When we look at the early church fathers, none stands out more than Paul, whom as many of you know, was once called Saul. In my upcoming blog posts, I am going to focus on the writings of Paul, but today, I think it might be good to look at the beginning of Paul’s story, which ironically is not found in any of the books that he wrote. Luke continued where he left off at the end of his Gospel when he wrote Acts, which is where we find Paul’s story. Out of the 27 books of the New Testament, Paul wrote 13—that’s two-thirds of the New Testament. He is and, at the time of his ministry, considered a great authority on Christ and Christian doctrine. He was a missionary, who began and fostered churches throughout the Mediterranean, and even into Europe.
Out of the 27 books of the New Testament, Paul wrote 13—that’s two-thirds of the New Testament. He is today, and at the time of his ministry, considered a great authority on Christ and Christian doctrine. He was a missionary, who began and fostered churches throughout the Mediterranean, and even into Europe. So, you would think that a man of such great stature, such great work and zeal would have been a longtime disciple, that he would have been Jesus’ right-hand man. But that’s not Paul’s story at all. What we know about Paul is just the opposite. He did not know Jesus, and we don’t have any evidence that Paul ever saw Jesus or was present at any of his teachings or his crucifixion. We can be sure he was not at his resurrection.
Paul was a Pharisee. He was well educated in everything Jewish and religious. And he was an ardent persecutor of the early Christian movement. Acts 8 begins with this:
On that day a great persecution broke out against the church in Jerusalem, and all except the apostles were scattered throughout Judea and Samaria. 2 Godly men buried Stephen and mourned deeply for him. 3 But Saul began to destroy the church. Going from house to house, he dragged off both men and women and put them in prison.
So what made Paul go from being a hostile persecutor of the Christian church to becoming one of the most strongly persecuted himself? What made him go from an unbeliever to the most inspired writer of the New Testament? What made Saul change his name to Paul ? Let’s look at what happens at the beginning of the next chapter, Acts 9: 1-19:
Meanwhile, Saul was still breathing out murderous threats against the Lord’s disciples. He went to the high priest 2 and asked him for letters to the synagogues in Damascus, so that if he found any there who belonged to the Way, whether men or women, he might take them as prisoners to Jerusalem. 3 As he neared Damascus on his journey, suddenly a light from heaven flashed around him. 4 He fell to the ground and heard a voice say to him, “Saul, Saul, why do you persecute me?”
5 “Who are you, Lord?” Saul asked.
“I am Jesus, whom you are persecuting,” he replied. 6 “Now get up and go into the city, and you will be told what you must do.”
7 The men traveling with Saul stood there speechless; they heard the sound but did not see anyone. 8 Saul got up from the ground, but when he opened his eyes he could see nothing. So they led him by the hand into Damascus. 9 For three days he was blind, and did not eat or drink anything.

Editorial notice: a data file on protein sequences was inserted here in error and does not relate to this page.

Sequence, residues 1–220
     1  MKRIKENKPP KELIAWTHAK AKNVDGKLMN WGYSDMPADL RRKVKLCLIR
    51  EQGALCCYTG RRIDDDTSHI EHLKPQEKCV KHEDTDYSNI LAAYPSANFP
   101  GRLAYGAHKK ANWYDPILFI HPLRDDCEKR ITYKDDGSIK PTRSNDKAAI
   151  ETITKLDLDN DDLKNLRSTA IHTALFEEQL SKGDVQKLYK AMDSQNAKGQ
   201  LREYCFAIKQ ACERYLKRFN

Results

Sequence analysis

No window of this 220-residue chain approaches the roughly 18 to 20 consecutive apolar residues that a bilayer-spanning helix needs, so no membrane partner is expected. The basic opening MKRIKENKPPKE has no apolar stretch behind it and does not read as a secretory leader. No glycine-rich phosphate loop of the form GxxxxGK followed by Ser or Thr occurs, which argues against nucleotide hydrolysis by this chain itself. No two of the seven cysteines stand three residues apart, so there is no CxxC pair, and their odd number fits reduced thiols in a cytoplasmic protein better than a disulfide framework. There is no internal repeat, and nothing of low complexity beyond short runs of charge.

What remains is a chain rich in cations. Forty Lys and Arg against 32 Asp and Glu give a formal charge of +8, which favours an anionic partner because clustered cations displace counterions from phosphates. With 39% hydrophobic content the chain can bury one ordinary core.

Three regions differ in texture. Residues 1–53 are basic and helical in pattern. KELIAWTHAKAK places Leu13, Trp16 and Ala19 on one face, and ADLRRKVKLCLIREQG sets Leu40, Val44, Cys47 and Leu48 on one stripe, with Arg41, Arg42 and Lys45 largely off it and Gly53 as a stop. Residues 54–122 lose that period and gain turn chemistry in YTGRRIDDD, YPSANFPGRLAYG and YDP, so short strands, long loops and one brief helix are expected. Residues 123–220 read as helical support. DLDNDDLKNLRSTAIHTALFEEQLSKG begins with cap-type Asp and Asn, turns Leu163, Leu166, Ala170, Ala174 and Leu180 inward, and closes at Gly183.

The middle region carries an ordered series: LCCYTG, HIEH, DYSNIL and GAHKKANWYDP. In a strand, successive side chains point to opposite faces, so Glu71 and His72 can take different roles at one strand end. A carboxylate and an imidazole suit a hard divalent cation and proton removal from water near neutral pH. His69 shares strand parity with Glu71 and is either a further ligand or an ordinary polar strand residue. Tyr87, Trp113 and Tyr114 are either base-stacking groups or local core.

10 In Damascus there was a disciple named Ananias. The Lord called to him in a vision, “Ananias!”
“Yes, Lord,” he answered.
11 The Lord told him, “Go to the house of Judas on Straight Street and ask for a man from Tarsus named Saul, for he is praying. 12 In a vision he has seen a man named Ananias come and place his hands on him to restore his sight.”
13 “Lord,” Ananias answered, “I have heard many reports about this man and all the harm he has done to your holy people in Jerusalem. 14 And he has come here with authority from the chief priests to arrest all who call on your name.”
15 But the Lord said to Ananias, “Go! This man is my chosen instrument to proclaim my name to the Gentiles and their kings and to the people of Israel. 16 I will show him how much he must suffer for my name.”
17 Then Ananias went to the house and entered it. Placing his hands on Saul, he said, “Brother Saul, the Lord—Jesus, who appeared to you on the road as you were coming here—has sent me so that you may see again and be filled with the Holy Spirit.” 18 Immediately, something like scales fell from Saul’s eyes, and he could see again. He got up and was baptized, 19 and after taking some food, he regained his strength.
This is a long passage with a lot in it. In upcoming posts, we’ll break it down into smaller parts. Whenever we see this story depicted—whether it’s in a movie, a documentary, a classical painting—usually the focus is on how Saul was blinded, but no one else. That is quite a miracle. But that’s not the real miracle. The real miracle is this: That Jesus chose Saul of Tarsus of all people, to preach the gospel to Jew and Gentile; to kings; to become a pastor to pastors; a mentor to mentors; to be the most inspired writer of what only God would know at that time to become The New Testament. The true underlying miracle was God’s grace. God was able to look beyond Saul the sinner into the destiny of Paul the apostle. We need to have that kind of vision. We need to look beyond where people are now to who they can become in Christ.